Timing of the full launch of Lodgepine Capital Management Limited, the recently established retrocessional reinsurance ILS fund management unit of Markel Corporation, may be impacted by the effect of Covid-19 on global investor allocation decisions, the company said recently.
In reporting its first-quarter results, Markel said that Lodgepine Capital Management and its first product offering the property catastrophe retro reinsurance focused Lodgepine Fund Limited strategy is still being prepared for a targeted launch sometime this year.
But, “This timing may be impacted by the recent downturn in global market conditions, and corresponding impact on prospective investor capital allocation decisions,” the company said.
Discussing this further during the Markel earnings call recently, co-CEO of the company Richie Whitt, explained that the Covid-19 effect on global investor demand may affect the ability of the firms insurance-linked securities (ILS) operations to raise fresh capital at this time.
He began, “On the ILS side, the exposure to actual losses from COVID-19, we believe, is fairly minimal. But there’s obviously been significant disruption in the broader financial markets and whenever that happens people tend to seek liquidity.”
Specifically on the Lodgepine capital raising and launch Whitt said, “Our expectation, and we’re still out there talking to potential investors, we sort of, in our own minds, are assuming that the process could take longer as people deal with the uncertainty in the markets right now.”
During times of broad financial market dislocation and disruptions, such as we see from the coronavirus pandemic, investor priorities change and often their focus is on managing existing portfolios of assets, rather than new allocations.
But still, some investors will continue to look for opportunities in the current market environment and with reinsurance rates firming, especially at the retrocession end of the chain, the Lodgepine proposition of a focus on global indemnity retro may still prove an attractive one.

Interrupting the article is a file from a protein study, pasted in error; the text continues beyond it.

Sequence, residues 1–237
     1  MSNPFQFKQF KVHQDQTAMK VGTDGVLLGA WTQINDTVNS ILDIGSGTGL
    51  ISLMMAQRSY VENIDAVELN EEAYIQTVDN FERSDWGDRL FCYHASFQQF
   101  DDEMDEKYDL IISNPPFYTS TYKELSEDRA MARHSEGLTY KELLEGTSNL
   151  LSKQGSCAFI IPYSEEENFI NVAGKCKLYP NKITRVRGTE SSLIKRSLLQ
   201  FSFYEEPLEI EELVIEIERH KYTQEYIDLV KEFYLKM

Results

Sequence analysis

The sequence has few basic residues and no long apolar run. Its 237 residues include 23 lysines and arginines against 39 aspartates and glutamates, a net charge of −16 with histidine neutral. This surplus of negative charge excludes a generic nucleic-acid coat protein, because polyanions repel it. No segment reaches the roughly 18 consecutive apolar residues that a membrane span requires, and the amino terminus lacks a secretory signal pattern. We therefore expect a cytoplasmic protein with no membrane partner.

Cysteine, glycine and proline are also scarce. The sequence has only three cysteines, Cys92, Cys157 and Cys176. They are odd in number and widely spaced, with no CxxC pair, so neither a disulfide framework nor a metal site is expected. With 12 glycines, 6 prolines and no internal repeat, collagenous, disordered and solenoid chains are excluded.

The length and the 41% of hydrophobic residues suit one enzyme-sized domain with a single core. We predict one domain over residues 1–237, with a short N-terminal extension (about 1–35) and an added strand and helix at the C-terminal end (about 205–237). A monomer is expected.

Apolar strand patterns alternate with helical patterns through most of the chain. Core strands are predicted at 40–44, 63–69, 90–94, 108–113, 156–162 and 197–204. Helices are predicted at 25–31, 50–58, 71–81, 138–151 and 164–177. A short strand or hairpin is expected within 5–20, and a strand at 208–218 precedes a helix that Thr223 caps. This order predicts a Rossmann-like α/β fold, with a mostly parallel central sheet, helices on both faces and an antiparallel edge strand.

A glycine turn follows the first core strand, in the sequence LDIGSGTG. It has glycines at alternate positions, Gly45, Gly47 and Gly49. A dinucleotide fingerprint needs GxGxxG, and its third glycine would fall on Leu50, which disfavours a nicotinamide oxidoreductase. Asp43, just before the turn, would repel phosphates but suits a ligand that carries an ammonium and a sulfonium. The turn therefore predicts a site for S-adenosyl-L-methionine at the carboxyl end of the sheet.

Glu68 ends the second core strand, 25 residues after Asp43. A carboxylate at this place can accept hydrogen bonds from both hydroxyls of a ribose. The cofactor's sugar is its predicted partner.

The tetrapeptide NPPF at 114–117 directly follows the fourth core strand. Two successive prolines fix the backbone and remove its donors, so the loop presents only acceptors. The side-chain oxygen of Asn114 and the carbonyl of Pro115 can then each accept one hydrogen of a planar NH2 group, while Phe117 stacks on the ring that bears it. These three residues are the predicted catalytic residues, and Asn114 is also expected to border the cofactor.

Whitt said that capital raising efforts will continue across the Markel ILS platform.
“We would still hope to raise capital, both at Nephila and Lodgepine, but we’re trying to be realistic in terms of what the situation is and in our own minds thinking that could be a longer path to getting those additional subscriptions.”
On the Nephila Capital side, Whitt further said, “We’re at about $10 billion of assets under management, that’s been pretty stable. We haven’t seen a lot of redemptions and we are working to see if we can add subscriptions.”
On Lodgepine he explained, “Timing of COVID- 19 was not good to Lodgepine, just talking about that disruption. It’s going to take longer to raise capital there.”
Markel’s expansion into retrocession has continued though, with the underwriting of the book that was destined to be capitalised and collateralised by funds under the management of Lodgepine still progressing.
Whitt said, “We have written most of the portfolio for Lodgepine for the year and that’s being warehoused at Markel Bermuda.
“So the portfolio is written, Markel is housing that portfolio on our balance sheet and as we raise capital we can cede some of that business to Lodgepine.”
Which means the strategy is ready to go as soon as either capital raising conditions improve, or investors show interest in allocating to Markel’s new retrocessional reinsurance investment fund.
For potential investors this approach is a positive one as well.
With the retrocession portfolio being underwritten and warehoused by Markel, the pool of risks generated is effectively being seasoned to a degree.
When Lodgepine is ready and capitalised, all it has to do is collateralise an arrangement between its underwriting vehicle, the first collateralized insurer vehicle to be registered in Bermuda Lodgepine Reinsurance Limited, and Markel Bermuda to source its first fund portfolio.
Which means the retro portfolio has already been actively selected and had Markel underwriting eyes on it, but will do so again as it transfers to the Lodgepine fund and is being seasoned on Markel’s balance-sheet as it expands as well.
While the Covid-19 pandemic brought timing issues to the fore for many ILS capital raises at this time, Markel wasn’t the only company to experience this, for Lodgepine it is positive that progress towards the launch is still being made and when it does take on its first third-party investor capital it will be ready to hit the ground running.